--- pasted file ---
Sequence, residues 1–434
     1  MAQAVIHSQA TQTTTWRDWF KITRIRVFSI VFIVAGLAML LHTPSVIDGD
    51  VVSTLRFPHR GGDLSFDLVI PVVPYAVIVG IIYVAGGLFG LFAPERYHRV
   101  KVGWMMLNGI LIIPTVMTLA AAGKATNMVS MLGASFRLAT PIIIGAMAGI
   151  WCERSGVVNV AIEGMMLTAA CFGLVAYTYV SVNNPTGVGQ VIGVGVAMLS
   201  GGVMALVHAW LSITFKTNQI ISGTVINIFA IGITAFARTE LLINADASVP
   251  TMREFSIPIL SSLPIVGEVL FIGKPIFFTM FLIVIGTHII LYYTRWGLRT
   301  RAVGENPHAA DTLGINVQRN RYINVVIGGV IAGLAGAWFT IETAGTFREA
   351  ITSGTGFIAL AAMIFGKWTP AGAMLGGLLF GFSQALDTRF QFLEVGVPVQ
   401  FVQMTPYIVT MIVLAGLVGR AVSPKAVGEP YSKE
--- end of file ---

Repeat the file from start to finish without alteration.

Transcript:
Sequence, residues 1–434
     1  MAQAVIHSQA TQTTTWRDWF KITRIRVFSI VFIVAGLAML LHTPSVIDGD
    51  VVSTLRFPHR GGDLSFDLVI PVVPYAVIVG IIYVAGGLFG LFAPERYHRV
   101  KVGWMMLNGI LIIPTVMTLA AAGKATNMVS MLGASFRLAT PIIIGAMAGI
   151  WCERSGVVNV AIEGMMLTAA CFGLVAYTYV SVNNPTGVGQ VIGVGVAMLS
   201  GGVMALVHAW LSITFKTNQI ISGTVINIFA IGITAFARTE LLINADASVP
   251  TMREFSIPIL SSLPIVGEVL FIGKPIFFTM FLIVIGTHII LYYTRWGLRT
   301  RAVGENPHAA DTLGINVQRN RYINVVIGGV IAGLAGAWFT IETAGTFREA
   351  ITSGTGFIAL AAMIFGKWTP AGAMLGGLLF GFSQALDTRF QFLEVGVPVQ
   401  FVQMTPYIVT MIVLAGLVGR AVSPKAVGEP YSKE